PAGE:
Original posting (Feb. 27, 2013): A court in Israel is due to hear final arguments on the construction of a separation wall in a pristine valley in the West Bank. Lawyers representing Palestinian landowners and a convent say if the wall is built they will lose their land and the convent will be surrounded.
Please click here to watch a news story on al-Jazeera. Note that Mr. Nader Abu Amsha, who is featured in the news story, is Executive Director of Global Ministries' partner, the YMCA's Rehabilitation Program, based in Beit Sahour, near Bethlehem in the West Bank. He lives in Beit Jala, another neighboring community.
For more on this story, click here.
UPDATE (April 29, 2013): Monastery to be severed from convent by West Bank barrier (Ha'aretz): A Salesian monastery and convent will be severed from one another by the barrier separating Israel and the Palestinian territories, after an Israeli court last week rejected a petition for a planned portion of the barrier to be rerouted. The ruling was made public on Saturday.
Putting Cremisan Valley on the Pope's agenda (Ha'aretz): For decades the monks and nuns of the Cremisan Valley, between Bethlehem and Jerusalem, have been organic to the local Palestinian community.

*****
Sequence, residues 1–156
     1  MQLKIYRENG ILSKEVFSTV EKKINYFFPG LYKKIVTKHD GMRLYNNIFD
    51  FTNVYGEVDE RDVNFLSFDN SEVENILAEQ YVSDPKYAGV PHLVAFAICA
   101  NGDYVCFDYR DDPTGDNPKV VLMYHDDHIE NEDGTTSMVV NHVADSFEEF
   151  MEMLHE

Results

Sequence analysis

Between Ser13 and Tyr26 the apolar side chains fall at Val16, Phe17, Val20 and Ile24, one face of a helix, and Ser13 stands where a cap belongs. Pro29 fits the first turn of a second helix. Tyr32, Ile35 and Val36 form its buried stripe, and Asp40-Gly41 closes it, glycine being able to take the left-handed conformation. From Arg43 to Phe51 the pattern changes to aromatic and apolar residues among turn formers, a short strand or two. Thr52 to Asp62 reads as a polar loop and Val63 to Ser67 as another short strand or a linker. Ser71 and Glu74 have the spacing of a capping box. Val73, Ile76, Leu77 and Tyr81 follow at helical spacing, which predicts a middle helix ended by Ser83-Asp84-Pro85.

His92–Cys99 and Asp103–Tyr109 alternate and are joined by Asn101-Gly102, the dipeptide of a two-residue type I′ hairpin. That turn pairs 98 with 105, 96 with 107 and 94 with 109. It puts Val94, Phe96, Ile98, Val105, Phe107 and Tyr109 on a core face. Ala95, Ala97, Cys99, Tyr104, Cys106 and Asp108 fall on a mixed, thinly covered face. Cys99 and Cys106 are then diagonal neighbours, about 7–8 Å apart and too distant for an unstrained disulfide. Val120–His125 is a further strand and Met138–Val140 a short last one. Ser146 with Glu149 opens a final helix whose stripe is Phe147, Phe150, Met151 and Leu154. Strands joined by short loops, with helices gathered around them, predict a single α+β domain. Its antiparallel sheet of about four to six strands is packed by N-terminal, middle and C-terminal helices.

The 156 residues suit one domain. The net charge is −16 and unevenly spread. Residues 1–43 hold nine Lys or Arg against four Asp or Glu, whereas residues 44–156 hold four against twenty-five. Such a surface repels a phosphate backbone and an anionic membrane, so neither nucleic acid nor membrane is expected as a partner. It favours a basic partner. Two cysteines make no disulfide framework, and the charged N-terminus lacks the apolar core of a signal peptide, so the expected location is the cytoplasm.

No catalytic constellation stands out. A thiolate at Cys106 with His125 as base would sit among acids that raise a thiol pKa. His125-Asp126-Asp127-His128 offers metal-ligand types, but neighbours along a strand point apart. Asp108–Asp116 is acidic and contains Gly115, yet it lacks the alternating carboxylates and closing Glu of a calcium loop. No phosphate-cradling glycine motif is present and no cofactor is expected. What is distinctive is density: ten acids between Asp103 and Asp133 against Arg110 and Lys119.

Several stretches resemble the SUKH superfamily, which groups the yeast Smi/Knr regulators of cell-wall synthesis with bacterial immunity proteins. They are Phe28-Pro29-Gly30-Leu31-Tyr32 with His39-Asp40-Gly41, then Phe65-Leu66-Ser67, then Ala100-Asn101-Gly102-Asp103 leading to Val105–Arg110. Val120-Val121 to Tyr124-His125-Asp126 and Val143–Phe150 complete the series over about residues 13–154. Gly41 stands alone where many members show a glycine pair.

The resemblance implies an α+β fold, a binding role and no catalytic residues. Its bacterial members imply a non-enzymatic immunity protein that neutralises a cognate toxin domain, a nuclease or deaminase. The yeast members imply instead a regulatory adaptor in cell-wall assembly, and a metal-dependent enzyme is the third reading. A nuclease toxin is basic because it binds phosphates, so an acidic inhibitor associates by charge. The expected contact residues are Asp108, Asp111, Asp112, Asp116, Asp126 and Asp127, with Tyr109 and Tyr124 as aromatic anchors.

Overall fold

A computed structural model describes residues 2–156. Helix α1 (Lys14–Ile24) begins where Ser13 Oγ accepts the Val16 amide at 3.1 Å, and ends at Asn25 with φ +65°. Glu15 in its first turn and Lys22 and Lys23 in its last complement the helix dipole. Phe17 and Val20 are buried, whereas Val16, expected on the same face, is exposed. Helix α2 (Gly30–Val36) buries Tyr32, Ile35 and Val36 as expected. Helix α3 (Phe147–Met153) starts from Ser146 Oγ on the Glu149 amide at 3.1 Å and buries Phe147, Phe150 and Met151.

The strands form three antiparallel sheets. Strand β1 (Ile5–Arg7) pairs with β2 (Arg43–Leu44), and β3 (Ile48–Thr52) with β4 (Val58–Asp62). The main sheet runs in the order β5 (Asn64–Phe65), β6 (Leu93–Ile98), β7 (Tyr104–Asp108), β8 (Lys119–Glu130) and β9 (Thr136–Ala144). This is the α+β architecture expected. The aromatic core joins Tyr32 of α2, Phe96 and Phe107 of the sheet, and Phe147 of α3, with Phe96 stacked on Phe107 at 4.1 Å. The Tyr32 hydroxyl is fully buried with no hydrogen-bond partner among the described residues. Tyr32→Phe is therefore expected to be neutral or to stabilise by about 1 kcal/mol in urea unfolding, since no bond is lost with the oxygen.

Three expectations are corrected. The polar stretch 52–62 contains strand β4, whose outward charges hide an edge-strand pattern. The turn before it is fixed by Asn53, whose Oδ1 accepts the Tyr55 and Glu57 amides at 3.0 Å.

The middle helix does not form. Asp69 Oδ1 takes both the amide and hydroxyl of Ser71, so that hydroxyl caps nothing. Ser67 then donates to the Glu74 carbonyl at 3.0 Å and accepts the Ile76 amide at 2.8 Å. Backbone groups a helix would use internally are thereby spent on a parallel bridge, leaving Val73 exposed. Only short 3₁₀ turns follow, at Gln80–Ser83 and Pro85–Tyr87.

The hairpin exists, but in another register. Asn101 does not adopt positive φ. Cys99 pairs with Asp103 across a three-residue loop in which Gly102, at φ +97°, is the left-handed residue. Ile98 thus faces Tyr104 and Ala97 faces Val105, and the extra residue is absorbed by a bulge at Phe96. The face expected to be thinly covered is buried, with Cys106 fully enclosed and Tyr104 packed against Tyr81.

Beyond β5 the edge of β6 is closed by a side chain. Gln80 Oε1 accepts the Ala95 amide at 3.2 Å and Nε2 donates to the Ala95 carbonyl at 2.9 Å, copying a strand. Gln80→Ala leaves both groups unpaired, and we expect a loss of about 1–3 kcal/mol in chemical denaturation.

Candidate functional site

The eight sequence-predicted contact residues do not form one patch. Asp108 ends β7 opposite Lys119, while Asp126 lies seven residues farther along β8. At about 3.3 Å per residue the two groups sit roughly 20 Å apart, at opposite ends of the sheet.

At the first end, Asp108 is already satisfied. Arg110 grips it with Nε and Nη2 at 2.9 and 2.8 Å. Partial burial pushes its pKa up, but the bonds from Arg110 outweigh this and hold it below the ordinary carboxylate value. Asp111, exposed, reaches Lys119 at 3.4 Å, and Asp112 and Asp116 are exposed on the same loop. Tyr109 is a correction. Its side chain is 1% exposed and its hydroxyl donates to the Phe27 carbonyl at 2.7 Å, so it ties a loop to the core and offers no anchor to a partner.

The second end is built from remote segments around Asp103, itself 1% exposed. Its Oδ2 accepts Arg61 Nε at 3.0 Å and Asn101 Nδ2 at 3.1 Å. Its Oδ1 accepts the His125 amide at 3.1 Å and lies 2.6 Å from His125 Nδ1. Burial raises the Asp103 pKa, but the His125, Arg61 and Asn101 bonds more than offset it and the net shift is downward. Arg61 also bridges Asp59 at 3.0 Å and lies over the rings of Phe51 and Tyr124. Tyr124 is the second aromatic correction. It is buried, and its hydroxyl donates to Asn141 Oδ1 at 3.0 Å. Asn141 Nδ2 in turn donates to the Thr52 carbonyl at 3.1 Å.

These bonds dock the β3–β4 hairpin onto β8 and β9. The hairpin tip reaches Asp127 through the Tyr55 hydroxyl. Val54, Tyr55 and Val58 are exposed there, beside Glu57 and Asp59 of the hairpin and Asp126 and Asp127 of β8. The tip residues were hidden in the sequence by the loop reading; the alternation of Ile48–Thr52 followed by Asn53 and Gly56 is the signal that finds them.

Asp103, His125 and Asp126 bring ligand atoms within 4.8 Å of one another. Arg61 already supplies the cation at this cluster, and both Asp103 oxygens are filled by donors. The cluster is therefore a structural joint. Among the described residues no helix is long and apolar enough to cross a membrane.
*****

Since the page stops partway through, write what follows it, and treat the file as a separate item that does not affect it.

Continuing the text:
The nuns run a primary school for needy Palestinian children and the monks operate the only winery made with Palestinian grapes. Locals say the valley housing the convent and monastery, where families love to stroll and picnic, are also the most important green space in the Bethlehem area.
Yet last Wednesday a civil court ruling made it legal for Israel’s separation fence to divide the valley.
The Special Appeals Committee of the Tel Aviv Magistrate's Court approved land appropriation for the barrier along a route that would annex about 75 percent of the convent's property, the convent’s lawyer, Manal Hazzan abu Sinni, told Haaretz.
The route will also annex farmland of 58 Palestinian families to Israeli territory, she claims, and vows to appeal to the High Court of Justice.